Chrome may be one of the most popular web browsers out there, but its new tab page still manages to look like an unfinished product much of time. That's because the browser takes screenshots of your most visited webpages and lists them in a 4 x 2 grid, only sometimes it doesn't have a screenshot to work with. In those cases, it leaves the square blank.
The Chromium team is currently working on a way to pretty things up. Read More
You don't have to be picky to notice that scrolling performance on Chrome is less than stellar. Google has been using the Touch Events input API for touch and mouse navigation, but now it has made the decision to go to the Pointer Events standard. What does that mean? Scrolling in Chrome is about to get a lot less janky.
Just last week, Google announced plans to remove SPDY support from its open source Chromium project early next year, and it would be replaced by the not-yet-official HTTP/2 protocol. Today, the Internet Engineering Steering Group (IESG), the managing component of the Internet Engineering Task Force (IETF), announced that the HTTP/2 and HPACK specs have been formally approved and are on the way to becoming official standards.
For those who may not already know, HTTP/2 (spec) is a network protocol generally used by web browsers for transferring the HTML, images, and other resources that make up web pages – but it is frequently used by countless other types of apps for communication, as well. Read More
You're probably more aware of WebView after the recent dust-up over security issues in older versions of Android. WebView is a tool developers can use to display web content in an app without implementing a whole browser, and today Google is opening a beta test for WebView on Android 5.0 and higher. Simply head over to the Google+ page to join and get the latest tweaks and fixes.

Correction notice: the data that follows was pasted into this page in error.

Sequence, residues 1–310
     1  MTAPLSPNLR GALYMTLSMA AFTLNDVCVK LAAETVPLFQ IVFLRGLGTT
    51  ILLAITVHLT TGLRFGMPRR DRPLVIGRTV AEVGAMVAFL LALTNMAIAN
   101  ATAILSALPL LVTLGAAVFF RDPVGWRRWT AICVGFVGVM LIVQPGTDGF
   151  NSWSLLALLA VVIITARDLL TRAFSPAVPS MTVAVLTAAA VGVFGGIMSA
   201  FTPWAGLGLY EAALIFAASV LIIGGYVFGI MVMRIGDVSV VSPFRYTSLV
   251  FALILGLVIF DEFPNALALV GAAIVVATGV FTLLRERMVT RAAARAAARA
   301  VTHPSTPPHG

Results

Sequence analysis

If you're the type of person that closely follows networking protocols and web server optimizations, you've probably heard of SPDY. This is Google's re-imagining of the HTTP protocol, designed to reduce latency, streamline data flow, and generally speed up data transmission from a server to your browser. Well, you can forget about it. Google is about to kill SPDY, but for a good reason. The Internet Engineering Task Force (IETF) is getting close to finalizing a major revision to the HTTP protocol, dubbed HTTP/2. Read More
Not all of the changes to Android 5.0 Lollipop are meant to be seen by regular users, but that doesn't make them any less important. One of the core components of the operating system is about to break free from the shackles of firmware updates and join the Play Store and Google Play services in receiving automatic updates directly from Google. Read More
Nexus 4 owners, don't lose hope. Though your 2012 Google phone was cruelly looked over for the developer preview builds of Android L (along with everything that wasn't a Nexus 7 2013 or Nexus 5), sharp-eyed Google+ users have spotted two different Google employees posting on the Chromium section of code.google.com claiming to use the Nexus 4 with Android L. Check out this entry from a contributor with a Chromium.org email address, explicitly using the "LRW52G" build of Android on his or her N4. Read More
The Chromium Issue Tracker, a perennial source of accidental "leaks" and unreleased information, has delivered something interesting (the issue appears to have since been removed). Reddit user Doopl came across two screenshots of what look like Android's yet-unannounced L release.
The shots show a Google account login dialog that looks substantially different from the current implementation, and what appears to be a re-styled Chrome with design elements from Quantum. Additionally, the status bar shows a place holder "L" icon, and a bell icon that sources tell us is indicative of a new feature in L that will offer "limited interruptions," basically muting or partially muting notifications. Read More
Occasionally, an OS update will bring around features that really change things. Android 3.0 brought the Android experience to tablets. 4.0 completely revamped the UI and added guidelines that made Android look cohesive for the first time. 4.4 added Svelte, which promised to seat Android comfortably on an even broader range of devices. We have reason to believe another one of those changes is right around the corner, and it's known internally as Hera. Read More